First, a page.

In this Jan. 2011 service celebrating the Baptism of Our Lord, Dr. Lois Malcolm powerfully unpacks what it means to live into our baptism:
What makes Jesus’ baptism so unique is that it is a baptism into a life that will culminate in a death that bears the diseases and sins of all people and a resurrection that releases them from all oppressive powers, even the power of death. Thus, when we are baptized into Jesus’ death and resurrection, our old sinful self, which has been enslaved by destructive forces, has now been put to death, and we now live out of the power of his resurrection. As Paul declared, “I have been crucified with Christ and it is no longer I who live, but it is Christ who lives in me. And the life I now live in the flesh I live by faith in the Son of God who loved me and gave himself for me.” In our baptism, we have been given the first fruits — an advance installment — of the Spirit’s potent fecundity and thus now have a glimpse of the complete freedom we will ultimately share as heirs of God and co-heirs with Christ. In our baptism, we too, like Jesus, have been given the potent immediacy of God’s presence in our lives. When we cry out “Abba, Father!” the Spirit bears witness with our Spirit that we are children of God and thus heirs of God and joint heirs with Christ. Jesus has come to share with us all that he shares with his “Abba.” Because of Jesus, we too are those to whom God says: “You are my child, my beloved, with you I am well pleased.” In other words, “You are good. You are wanted. You are loved for yourself. You are seen for who you are. Your needs are not a problem. You are safe. You are taken care of. You will not be betrayed. Your presence matters.”
But baptism into Christ’s death and resurrection is also a baptism into his “cup of suffering” — not a suffering that brings despair but the creative suffering, like that of a mother giving birth, which enacts the Spirit’s work of healing and forgiveness amidst of all that contradicts God’s justice and mercy. And so, in the midst of economic and institutional decline, in the midst of our loss of trust in one another, and those who lead us, in the midst of the myriad tasks and responsibilities each of us is called to enact, we can live with hope and joy. By faith, we do know what animates us, what imbues our every moment and our every act with the living vitality of God’s eternal life. In Jesus, the “kingdom of God has drawn near” deep in the flesh of his humanity. And in our baptism into his death and life, our very bones, sinews, and skin are drenched and saturated with all that he is.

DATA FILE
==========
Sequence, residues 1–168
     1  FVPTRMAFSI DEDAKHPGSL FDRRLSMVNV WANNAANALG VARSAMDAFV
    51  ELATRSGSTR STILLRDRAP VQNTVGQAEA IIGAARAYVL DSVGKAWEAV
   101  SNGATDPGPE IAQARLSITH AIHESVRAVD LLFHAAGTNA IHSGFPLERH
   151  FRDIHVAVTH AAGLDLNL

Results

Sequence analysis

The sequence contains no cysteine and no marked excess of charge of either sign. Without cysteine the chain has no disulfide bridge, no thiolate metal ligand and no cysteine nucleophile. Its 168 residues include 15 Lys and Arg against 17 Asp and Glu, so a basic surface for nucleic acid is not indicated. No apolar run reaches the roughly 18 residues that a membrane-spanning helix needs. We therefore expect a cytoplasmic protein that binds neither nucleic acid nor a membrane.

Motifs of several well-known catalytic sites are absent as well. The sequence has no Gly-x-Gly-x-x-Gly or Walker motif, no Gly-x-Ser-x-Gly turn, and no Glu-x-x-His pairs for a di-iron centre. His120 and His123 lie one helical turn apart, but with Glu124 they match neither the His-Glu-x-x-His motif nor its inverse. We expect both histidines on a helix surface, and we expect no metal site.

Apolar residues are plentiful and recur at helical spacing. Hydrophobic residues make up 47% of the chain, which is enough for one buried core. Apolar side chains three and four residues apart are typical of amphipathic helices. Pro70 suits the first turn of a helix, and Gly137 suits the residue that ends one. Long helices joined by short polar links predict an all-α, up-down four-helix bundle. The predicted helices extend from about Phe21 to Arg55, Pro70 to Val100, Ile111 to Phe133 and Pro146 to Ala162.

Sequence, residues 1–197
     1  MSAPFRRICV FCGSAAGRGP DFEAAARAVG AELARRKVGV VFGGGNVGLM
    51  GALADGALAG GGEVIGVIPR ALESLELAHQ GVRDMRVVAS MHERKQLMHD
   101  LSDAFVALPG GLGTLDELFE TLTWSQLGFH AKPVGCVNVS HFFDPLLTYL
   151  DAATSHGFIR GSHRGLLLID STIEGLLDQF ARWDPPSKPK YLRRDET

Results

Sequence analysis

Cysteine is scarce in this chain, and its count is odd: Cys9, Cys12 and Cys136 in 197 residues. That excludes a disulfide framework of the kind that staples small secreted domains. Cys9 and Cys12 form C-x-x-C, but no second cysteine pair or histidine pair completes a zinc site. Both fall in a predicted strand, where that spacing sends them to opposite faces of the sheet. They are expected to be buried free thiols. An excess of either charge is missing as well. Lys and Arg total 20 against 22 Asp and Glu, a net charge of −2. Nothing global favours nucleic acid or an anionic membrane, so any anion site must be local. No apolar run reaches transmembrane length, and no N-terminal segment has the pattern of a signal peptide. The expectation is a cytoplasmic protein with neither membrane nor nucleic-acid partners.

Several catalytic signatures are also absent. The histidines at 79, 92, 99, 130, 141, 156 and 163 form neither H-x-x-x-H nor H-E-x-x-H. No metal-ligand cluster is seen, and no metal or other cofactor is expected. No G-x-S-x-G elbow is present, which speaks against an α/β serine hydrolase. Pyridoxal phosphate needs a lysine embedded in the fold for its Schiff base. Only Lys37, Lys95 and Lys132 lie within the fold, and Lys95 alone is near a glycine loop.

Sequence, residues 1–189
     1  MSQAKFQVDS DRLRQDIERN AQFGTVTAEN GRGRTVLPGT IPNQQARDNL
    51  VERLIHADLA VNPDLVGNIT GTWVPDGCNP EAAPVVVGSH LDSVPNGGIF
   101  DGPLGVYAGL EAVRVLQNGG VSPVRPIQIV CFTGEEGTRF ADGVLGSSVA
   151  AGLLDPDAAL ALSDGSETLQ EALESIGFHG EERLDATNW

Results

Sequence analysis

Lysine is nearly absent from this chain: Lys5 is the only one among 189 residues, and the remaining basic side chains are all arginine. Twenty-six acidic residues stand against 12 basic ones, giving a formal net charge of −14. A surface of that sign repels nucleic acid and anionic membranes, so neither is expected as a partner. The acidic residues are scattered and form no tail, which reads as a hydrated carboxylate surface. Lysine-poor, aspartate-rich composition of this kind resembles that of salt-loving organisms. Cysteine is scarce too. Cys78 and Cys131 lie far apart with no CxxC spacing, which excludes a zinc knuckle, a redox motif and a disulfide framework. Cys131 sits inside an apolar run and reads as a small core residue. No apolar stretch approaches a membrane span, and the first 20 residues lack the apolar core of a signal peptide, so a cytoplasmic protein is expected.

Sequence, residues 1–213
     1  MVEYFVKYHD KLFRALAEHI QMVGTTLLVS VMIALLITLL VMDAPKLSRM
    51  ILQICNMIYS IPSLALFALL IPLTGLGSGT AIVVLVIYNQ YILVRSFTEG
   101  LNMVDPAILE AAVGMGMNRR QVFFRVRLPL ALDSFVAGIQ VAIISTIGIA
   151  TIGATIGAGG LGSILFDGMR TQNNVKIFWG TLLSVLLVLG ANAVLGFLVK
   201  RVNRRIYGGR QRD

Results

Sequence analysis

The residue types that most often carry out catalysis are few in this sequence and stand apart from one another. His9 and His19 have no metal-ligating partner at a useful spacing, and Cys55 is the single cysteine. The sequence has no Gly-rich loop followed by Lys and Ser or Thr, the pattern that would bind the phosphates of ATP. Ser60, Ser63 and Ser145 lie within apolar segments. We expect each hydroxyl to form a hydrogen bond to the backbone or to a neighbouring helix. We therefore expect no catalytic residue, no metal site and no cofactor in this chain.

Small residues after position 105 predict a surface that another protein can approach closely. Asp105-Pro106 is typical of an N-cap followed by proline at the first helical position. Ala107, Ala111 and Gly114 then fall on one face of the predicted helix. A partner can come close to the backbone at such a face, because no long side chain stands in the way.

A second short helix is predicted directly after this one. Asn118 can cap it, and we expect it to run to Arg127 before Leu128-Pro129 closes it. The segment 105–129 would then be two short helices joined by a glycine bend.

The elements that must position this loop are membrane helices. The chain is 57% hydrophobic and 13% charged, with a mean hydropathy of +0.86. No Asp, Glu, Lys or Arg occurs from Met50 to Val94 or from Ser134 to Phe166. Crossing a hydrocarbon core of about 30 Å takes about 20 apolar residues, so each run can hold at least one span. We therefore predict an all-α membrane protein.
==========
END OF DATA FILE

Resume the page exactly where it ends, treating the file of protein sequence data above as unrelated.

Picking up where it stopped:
We can be grateful that we live in such insecure times, because it is in times like this that we are reminded that we, indeed, have no other ultimate security to rely on but the presence of Jesus within and among us through the power of the Spirit, a presence that embodies God’s reign in our lives. This is what gives us a personal identity — regardless of who we are or where we have come from. And this is what gives us a corporate identity — enabling us to establish and maintain healthy and vital communities through the Spirit’s work among us. In times like this we are brought back to the very essence of who we are and why we are here. We are nothing other than disciples of Jesus, who live out of the power of his death and resurrection. Our identities are shaped by the imprint of his image — the very image of God. And this formation into Christ’s mind and body is always both individual and corporate since baptism into Christ’s identity always encompasses all of us within a larger whole — male and female, slave and free, Gentile and Jew. We are nothing other than ambassadors of reconciliation — the reconciliation by which God reconciles the world through Christ, healing our diseases and forgiving our sins. We are nothing other than the “oak of righteousness” in Isaiah’s imagery who are called to enact God’s repairing of ruined cities and raising f the devastations of many generations.
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